A Superior Court judge eventually had to order an election. Even then, the ballots were kept locked up in the City Clerk’s Office for six months after they were cast – until another court ordered them counted. The challengers were heckled when the ballots were finally tabulated at City Hall.
Vernon’s leaders appear undeterred by being just a Senate vote and Gov. Jerry Brown’s signature away from having their city dissolved. They recently insisted on a $200,000 “deposit” from Perez’s office in order to produce some documents he had requested. In a municipality that no doubt owns plenty of shredders but not one copier, this makes perfect sense.
Meanwhile, Toebben suggested that Perez, his colleagues and these imaginary elected officials work with the Vernon Chamber of Commerce to craft a reform of the city charter. However, that body has been in lockstep with Vernon’s shadowy leadership for too many decades to suddenly embrace transparency.
While it is understandable that businesses within Vernon should be concerned by the sudden change of having their city dissolved, by advocating essentially the status quo, Toebben and the L.A.-area chamber are supporting a complete disconnection of business interests from that of their customers, competitors, employees, regulators or anyone else.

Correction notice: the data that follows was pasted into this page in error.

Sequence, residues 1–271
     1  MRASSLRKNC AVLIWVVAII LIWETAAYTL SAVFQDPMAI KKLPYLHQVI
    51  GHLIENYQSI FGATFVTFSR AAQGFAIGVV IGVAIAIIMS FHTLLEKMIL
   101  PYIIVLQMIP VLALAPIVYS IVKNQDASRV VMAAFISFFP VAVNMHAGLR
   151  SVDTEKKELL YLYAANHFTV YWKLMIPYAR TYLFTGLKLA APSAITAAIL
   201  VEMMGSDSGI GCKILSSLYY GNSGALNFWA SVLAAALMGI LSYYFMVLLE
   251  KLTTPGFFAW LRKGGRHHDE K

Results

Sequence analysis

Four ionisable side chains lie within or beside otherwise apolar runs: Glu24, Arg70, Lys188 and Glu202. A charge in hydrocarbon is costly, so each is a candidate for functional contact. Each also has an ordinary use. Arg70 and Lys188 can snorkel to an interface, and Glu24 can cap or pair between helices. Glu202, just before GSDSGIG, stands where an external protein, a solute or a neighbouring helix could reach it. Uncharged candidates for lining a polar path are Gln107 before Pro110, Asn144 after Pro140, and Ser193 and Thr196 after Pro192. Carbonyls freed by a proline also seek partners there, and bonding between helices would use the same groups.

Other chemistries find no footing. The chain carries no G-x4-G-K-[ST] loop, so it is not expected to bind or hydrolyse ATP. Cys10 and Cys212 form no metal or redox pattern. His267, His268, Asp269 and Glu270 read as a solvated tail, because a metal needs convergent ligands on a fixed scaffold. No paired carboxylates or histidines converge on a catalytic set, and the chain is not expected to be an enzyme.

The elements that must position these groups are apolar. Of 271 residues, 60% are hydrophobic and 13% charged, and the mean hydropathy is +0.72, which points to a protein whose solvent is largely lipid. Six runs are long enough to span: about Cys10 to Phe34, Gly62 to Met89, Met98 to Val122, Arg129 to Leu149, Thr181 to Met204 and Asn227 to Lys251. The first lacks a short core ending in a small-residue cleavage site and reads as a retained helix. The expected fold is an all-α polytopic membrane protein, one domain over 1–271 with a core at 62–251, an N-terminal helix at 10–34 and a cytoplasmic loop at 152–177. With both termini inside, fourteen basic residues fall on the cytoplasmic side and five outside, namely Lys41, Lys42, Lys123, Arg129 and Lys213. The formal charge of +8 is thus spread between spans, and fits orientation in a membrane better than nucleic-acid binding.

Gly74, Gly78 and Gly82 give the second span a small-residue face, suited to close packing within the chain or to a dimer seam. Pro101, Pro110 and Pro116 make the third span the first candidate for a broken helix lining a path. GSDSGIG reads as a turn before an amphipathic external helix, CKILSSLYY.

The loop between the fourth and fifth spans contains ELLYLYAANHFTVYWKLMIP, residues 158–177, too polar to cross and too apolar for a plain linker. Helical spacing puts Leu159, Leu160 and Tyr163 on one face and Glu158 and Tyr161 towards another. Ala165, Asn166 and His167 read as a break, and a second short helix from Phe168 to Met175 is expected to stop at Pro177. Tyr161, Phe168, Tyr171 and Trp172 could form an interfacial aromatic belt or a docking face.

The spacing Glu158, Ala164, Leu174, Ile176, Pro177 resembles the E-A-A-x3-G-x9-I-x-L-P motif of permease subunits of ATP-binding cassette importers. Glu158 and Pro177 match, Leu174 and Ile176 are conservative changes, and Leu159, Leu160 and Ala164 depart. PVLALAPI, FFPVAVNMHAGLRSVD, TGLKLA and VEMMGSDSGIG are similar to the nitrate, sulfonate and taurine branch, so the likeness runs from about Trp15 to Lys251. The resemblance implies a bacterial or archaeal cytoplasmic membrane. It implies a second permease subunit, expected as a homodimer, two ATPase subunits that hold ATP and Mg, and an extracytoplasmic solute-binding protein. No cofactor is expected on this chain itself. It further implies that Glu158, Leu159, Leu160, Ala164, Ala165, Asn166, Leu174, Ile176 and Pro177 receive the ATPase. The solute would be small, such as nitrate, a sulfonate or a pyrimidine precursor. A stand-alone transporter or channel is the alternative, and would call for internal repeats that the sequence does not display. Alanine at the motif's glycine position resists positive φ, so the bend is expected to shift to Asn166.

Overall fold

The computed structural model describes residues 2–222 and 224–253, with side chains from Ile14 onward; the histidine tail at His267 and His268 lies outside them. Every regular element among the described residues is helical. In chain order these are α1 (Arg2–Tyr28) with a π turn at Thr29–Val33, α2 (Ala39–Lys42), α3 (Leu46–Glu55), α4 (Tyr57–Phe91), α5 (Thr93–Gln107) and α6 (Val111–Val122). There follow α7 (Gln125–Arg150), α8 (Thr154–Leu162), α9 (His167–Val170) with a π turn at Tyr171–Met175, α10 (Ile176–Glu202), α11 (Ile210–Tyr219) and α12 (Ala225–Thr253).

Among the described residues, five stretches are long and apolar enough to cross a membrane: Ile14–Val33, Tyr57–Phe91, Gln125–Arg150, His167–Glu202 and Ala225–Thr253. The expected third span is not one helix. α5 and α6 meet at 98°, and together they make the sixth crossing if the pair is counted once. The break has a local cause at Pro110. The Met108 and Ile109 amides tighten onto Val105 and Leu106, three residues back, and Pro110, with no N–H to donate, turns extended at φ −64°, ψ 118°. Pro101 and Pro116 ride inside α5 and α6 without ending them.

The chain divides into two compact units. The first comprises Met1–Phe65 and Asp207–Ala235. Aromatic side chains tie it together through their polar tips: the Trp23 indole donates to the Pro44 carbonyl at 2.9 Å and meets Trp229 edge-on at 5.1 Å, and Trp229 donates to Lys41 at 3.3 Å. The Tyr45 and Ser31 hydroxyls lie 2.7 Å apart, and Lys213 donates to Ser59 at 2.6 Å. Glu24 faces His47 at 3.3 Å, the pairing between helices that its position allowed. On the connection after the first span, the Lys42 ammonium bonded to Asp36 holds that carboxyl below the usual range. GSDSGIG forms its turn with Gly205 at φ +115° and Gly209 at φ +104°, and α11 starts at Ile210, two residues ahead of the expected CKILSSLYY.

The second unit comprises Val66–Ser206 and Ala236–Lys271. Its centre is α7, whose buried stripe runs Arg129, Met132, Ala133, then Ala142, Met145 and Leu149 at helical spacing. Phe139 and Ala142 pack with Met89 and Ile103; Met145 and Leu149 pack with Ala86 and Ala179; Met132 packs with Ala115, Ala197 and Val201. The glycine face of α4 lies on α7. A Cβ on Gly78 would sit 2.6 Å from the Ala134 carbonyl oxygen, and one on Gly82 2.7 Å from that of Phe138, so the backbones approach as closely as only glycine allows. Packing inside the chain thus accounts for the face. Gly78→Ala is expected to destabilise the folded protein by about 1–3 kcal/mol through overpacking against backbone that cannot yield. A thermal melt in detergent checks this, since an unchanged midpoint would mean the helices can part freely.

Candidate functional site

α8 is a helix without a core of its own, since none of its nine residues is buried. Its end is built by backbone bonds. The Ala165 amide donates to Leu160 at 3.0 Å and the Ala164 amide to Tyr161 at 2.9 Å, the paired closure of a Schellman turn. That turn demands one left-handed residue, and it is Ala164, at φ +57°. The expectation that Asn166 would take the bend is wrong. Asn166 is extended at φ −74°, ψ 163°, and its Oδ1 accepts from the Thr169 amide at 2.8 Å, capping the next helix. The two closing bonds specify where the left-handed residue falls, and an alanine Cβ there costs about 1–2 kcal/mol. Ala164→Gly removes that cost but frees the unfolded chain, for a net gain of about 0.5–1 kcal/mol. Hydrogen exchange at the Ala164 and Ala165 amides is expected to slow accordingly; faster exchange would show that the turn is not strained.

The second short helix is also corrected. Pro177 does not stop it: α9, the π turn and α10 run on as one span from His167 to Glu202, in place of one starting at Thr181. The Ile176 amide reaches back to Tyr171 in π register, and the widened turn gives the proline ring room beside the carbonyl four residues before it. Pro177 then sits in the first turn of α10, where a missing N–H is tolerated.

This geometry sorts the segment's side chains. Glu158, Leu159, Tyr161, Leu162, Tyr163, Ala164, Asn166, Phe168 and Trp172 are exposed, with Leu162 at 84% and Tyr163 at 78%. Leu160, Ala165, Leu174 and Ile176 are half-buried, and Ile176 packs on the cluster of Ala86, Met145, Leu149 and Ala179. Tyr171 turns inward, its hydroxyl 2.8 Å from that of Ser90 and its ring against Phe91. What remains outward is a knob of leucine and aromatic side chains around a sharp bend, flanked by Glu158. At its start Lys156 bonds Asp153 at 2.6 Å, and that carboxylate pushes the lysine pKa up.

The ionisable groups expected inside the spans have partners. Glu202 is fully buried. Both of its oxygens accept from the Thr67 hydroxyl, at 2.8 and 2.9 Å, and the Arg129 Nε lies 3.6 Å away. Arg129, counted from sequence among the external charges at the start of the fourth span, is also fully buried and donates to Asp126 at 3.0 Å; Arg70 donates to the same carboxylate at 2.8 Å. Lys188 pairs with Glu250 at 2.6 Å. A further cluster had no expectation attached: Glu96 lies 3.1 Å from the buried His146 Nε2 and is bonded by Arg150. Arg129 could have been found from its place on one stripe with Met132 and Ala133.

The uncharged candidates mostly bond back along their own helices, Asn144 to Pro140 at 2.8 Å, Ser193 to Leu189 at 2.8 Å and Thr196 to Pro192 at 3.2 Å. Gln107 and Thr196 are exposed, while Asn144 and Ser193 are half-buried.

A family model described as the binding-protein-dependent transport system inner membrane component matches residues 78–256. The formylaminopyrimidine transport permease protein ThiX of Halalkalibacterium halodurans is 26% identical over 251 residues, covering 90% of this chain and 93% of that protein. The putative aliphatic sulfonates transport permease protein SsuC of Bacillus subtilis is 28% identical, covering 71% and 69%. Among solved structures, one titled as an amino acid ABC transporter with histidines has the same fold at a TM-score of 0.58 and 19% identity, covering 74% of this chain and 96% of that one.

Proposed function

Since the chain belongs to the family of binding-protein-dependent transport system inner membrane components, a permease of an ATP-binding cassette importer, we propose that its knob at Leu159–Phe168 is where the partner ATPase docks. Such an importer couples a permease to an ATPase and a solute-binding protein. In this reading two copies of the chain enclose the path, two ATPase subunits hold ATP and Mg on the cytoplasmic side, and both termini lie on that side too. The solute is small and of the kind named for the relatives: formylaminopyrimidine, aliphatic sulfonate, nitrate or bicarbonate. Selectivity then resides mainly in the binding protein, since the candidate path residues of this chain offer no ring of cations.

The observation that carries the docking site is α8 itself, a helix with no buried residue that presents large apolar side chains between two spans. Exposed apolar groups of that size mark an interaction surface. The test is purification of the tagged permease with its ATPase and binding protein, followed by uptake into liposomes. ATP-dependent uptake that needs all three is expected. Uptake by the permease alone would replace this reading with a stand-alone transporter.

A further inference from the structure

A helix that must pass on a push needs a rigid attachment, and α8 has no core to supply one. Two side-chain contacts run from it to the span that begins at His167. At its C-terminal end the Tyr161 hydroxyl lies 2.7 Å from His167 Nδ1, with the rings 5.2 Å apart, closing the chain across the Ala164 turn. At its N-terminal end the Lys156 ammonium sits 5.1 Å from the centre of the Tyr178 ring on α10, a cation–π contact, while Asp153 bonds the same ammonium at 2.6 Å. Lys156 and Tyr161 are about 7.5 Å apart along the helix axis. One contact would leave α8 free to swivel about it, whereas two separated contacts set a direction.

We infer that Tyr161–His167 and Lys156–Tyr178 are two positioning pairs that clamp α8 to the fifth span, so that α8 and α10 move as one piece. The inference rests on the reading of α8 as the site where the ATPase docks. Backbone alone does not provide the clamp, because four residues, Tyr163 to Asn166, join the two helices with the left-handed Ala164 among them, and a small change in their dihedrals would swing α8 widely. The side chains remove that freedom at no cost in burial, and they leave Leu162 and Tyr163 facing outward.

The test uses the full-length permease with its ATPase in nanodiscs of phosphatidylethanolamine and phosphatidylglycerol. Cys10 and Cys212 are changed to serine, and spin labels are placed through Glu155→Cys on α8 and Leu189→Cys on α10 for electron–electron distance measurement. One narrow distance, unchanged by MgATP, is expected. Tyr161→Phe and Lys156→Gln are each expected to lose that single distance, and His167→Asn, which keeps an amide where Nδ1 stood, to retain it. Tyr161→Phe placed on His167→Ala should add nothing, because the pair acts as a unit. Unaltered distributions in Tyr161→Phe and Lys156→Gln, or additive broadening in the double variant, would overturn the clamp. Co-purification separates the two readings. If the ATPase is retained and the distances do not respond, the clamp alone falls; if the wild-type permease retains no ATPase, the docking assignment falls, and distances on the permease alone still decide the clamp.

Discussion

Should Vernon be dissolved, its governance would be handed over to the Los Angeles County Board of Supervisors. I can assure Toebben he shouldn’t get too exercised over that change, as the only new face to grace that body in the past decade is pol’s pol Mark Ridley-Thomas (in that way, Vernon’s populace would feel right at home). Moreover, not a single supervisor is politically dumb enough to touch even a hair on one of Vernon’s jobs.
The only difference is that supervisors are up for election every four years. We may not like what they do, but at least we get a say as to whether they do it.
Should my two cents cost me my $500-a-year chamber membership, so be it. I’m entrepreneurial, but I’d rather the chamber spend my dues serving fruit and pastries than preserving a defiantly corrupt city whose governance must be demolished before it can be reformed.
Ron Shinkman is a health care publisher and communications consultant in Burbank.